Wisconsin Workers’ Compensation Settlement Formula
The Wisconsin Workers’ Compensation Act covers the expenses of employees who are injured or disabled while on the job. The purpose of workers’ compensation is to alleviate the necessity of a lawsuit by covering workplace accidents without the need to determine fault in exchange for the worker giving up their right to sue.
Determining compensation for a workplace injury can be complicated, but the experienced Wisconsin workers’ compensation lawyers at Gillick, Wicht, Gillick & Graf in Milwaukee are here to help. Call the office today to schedule a free consultation of your case.
Basic Workers’ Compensation Settlement Formula
At its core, there is a basic workers’ compensation settlement formula in Wisconsin to determine what an employee is owed after being hurt on the job. A settlement is calculated by adding the medical expenses, wage loss benefits, disability benefits, vocational rehabilitation costs, and if necessary, death benefits to determine the total amount owed to an injured worker or their loved ones. However, each category of compensation has its own complexities that vary the amount for each individual case.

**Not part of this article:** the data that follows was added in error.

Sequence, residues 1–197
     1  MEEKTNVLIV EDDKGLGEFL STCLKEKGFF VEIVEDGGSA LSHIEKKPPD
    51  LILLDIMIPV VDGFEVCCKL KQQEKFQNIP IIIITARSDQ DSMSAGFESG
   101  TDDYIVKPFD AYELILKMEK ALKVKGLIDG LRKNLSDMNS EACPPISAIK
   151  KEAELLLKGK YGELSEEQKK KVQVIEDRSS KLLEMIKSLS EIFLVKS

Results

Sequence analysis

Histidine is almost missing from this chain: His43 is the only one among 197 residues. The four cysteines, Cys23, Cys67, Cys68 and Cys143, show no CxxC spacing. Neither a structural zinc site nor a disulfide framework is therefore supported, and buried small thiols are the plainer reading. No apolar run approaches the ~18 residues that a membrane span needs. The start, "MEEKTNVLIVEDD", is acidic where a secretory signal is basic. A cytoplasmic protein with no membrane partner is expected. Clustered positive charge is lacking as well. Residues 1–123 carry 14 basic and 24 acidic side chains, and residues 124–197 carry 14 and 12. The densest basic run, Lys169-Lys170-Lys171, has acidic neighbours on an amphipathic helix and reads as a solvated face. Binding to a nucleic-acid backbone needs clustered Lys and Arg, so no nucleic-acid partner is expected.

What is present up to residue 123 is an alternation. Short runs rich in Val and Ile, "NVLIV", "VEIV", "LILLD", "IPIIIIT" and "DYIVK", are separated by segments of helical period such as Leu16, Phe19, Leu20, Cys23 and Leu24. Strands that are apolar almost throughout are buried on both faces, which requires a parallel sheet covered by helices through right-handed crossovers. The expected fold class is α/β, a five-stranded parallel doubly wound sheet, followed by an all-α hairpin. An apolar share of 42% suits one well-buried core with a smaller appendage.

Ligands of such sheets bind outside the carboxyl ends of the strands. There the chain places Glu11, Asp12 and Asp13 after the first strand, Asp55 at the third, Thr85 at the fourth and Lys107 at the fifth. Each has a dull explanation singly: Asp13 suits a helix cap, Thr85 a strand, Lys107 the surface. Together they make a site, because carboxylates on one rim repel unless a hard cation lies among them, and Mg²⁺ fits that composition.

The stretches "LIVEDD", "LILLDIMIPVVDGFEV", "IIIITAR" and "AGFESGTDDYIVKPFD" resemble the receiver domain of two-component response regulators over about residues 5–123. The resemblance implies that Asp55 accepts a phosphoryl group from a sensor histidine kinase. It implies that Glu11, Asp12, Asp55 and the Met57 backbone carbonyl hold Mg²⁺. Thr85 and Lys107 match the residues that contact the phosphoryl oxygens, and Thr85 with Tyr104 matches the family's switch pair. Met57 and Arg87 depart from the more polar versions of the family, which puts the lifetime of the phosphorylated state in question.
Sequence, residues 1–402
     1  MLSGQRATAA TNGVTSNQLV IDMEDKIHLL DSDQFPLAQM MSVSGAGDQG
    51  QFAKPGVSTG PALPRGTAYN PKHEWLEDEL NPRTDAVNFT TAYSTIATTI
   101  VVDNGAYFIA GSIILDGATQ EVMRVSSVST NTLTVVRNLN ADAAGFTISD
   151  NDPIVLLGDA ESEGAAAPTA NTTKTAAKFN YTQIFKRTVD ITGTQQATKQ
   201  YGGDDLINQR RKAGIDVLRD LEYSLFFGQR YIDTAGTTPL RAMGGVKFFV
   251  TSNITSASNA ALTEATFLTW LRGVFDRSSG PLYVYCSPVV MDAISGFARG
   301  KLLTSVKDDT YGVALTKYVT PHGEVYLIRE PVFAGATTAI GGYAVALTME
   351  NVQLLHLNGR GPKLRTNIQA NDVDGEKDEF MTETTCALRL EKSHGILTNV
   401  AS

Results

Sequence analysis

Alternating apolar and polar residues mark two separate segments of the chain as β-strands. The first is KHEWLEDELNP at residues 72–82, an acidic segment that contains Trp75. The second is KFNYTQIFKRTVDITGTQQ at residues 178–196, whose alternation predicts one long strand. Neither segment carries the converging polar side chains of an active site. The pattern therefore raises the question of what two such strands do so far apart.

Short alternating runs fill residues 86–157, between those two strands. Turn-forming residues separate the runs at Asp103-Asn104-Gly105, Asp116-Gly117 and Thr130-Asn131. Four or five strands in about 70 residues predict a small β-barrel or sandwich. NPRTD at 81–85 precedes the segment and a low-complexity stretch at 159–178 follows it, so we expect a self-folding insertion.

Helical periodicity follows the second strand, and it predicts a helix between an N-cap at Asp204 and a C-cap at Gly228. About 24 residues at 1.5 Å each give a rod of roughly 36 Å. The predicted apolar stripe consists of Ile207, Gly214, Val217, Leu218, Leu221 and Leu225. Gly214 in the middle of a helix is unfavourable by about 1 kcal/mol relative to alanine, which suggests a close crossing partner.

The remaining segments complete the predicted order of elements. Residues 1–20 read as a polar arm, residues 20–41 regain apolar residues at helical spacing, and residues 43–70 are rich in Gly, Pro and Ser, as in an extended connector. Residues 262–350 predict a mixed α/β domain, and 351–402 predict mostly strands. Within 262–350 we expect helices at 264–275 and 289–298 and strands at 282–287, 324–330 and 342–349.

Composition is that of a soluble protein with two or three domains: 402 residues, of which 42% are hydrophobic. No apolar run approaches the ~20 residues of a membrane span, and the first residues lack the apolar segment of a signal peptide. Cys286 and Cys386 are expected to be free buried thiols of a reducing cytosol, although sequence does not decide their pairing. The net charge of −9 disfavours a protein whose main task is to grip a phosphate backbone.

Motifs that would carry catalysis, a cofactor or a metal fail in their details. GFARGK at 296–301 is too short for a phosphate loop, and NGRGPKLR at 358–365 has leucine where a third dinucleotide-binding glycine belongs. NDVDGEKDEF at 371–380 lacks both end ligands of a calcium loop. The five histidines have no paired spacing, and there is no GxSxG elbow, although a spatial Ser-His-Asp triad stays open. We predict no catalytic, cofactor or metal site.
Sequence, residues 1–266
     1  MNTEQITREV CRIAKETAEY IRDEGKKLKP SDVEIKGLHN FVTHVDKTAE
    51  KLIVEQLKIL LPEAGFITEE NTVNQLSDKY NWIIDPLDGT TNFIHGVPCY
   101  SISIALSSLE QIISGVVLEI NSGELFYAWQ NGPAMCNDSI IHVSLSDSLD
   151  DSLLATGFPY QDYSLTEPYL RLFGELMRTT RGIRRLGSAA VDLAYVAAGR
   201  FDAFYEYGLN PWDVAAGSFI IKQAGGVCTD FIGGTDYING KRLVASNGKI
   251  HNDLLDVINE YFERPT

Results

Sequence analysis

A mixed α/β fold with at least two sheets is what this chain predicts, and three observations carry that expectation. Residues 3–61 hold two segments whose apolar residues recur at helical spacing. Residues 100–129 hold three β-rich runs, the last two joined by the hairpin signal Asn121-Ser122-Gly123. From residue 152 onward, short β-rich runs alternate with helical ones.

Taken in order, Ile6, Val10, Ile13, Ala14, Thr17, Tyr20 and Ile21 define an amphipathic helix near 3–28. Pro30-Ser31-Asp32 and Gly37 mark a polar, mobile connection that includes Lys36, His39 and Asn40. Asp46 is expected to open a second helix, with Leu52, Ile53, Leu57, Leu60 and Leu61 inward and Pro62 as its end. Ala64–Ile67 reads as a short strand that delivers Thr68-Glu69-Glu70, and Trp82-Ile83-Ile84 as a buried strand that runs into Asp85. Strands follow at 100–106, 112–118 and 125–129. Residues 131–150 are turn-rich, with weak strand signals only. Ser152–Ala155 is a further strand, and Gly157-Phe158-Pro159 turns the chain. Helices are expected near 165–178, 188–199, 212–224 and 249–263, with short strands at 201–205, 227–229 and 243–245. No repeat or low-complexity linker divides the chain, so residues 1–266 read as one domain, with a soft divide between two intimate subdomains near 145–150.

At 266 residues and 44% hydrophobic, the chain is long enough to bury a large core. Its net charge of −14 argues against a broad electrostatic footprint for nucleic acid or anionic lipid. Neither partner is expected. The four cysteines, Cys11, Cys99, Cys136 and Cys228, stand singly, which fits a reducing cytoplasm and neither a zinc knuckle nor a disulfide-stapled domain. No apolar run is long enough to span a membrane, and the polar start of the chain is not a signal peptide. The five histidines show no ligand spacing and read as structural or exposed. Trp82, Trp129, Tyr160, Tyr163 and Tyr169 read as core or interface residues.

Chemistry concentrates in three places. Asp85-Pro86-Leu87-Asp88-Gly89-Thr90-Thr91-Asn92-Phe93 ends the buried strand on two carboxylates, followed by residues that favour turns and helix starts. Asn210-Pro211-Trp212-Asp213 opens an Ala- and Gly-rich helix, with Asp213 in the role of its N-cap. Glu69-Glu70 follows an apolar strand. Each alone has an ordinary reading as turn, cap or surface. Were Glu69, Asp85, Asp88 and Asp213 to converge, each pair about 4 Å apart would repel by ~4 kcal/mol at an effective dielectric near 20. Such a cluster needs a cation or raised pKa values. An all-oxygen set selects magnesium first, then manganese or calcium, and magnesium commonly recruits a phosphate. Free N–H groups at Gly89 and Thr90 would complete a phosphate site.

Workers’ compensation covers all reasonable and necessary medical expenses that are related to workplace accidents. In Wisconsin, injured workers have the right to choose their own healthcare provider, which is not the case in some other states. Medical expenses covered include ambulatory transportation, doctor’s visits, hospitalization, medication, medical treatment, surgery, and physical rehabilitation.
Certain types of medical treatments may or may not be covered under workers’ compensation, such as chiropractic visits and acupuncture, which is why you should always speak with a qualified attorney about your case before engaging in medical services for your injury. It is also important to note that travel to and from medical treatment is also covered, including public transportation costs or mileage in a personal vehicle.
Wage Loss Benefits
While a worker is recovering from their injuries, they are entitled to temporary total disability benefits under the workers’ compensation act. These wage loss benefits do not apply to the first three days off of work unless the employee is out of work for more than seven days. Temporary total disability benefits apply if a worker is unable to perform any work while recovering from a workplace accident or occupational illness as well as if the worker could return to restricted work but has not been offered this type of work by the employer that meets the restrictions. Temporary total disability benefits are calculated as two-thirds of the employee’s average weekly wage, up to a maximum limit. In 2020, that limit was $1,051 per week, which was 110% of the statewide average weekly wage. These benefits continue until a medical professional has determined that the employee has reached maximum medical improvement, or the employee returns to work.